Currently crews will be working on placing common borrow on North bound and South bound lanes, North side of US 40 Alt. excavating for retaining wall 2 will be continuing and construction for building the bridge over Us 40 Alt. will continue.


No impact to traffic at this time
http://apps.roads.maryland.gov/WebProjectLifeCycle/ProjectSchedule.aspx?projectno=GA6465211

I saw work on this when I drove US 219 north of I-68 in order to finish my clinch of it back in August.
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TheOneKEA

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Re: Maryland
« Reply #1756 on: October 29, 2019, 07:42:09 PM »

Has anything ever happened  with the US 219 project north of 68?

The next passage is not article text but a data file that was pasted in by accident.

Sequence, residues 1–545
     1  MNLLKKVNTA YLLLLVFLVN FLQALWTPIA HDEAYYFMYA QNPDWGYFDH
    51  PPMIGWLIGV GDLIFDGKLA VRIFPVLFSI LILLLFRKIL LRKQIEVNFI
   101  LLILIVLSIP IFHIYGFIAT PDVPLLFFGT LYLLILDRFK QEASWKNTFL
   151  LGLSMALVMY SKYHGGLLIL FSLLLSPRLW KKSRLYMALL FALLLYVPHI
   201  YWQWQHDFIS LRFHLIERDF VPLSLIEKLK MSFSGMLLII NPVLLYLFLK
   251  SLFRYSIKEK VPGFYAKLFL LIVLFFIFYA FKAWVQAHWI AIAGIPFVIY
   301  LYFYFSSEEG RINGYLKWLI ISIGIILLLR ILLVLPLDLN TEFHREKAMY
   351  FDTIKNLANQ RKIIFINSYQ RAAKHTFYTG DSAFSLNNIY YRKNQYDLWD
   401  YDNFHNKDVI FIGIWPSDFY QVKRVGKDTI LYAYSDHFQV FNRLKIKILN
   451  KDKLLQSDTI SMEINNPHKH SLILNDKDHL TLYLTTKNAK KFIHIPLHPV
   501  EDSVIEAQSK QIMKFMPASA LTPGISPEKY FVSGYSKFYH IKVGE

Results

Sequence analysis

Will anything ever happen with the US 219 bypass in Oakland?
It doesn't look promising to me. 
Quote
8/2/2019   MDOT SHA is currently evaluating the purpose and need for the US 219 Oakland project. The results of this evaluation will determine what transportation issues need to be addressed, and what strategies and solutions can be implemented to address current needs. This evaluation will be completed by Fall 2019.
http://apps.roads.maryland.gov/WebProjectLifeCycle/ProjectSchedule.aspx?projectno=GA5992111
It's been stuck in a holding pattern for at least 5 years.

Thatís disappointing. US 219 is quite busy within Oakland town limits and carries a lot of through tourist traffic and some heavy trucks to/from I-68, Deep Creek Lake, the Monongahela National Forest and Canaan Valley. Removal of that through traffic would allow Third St to be streetscaped and improve the pedestrian facilities.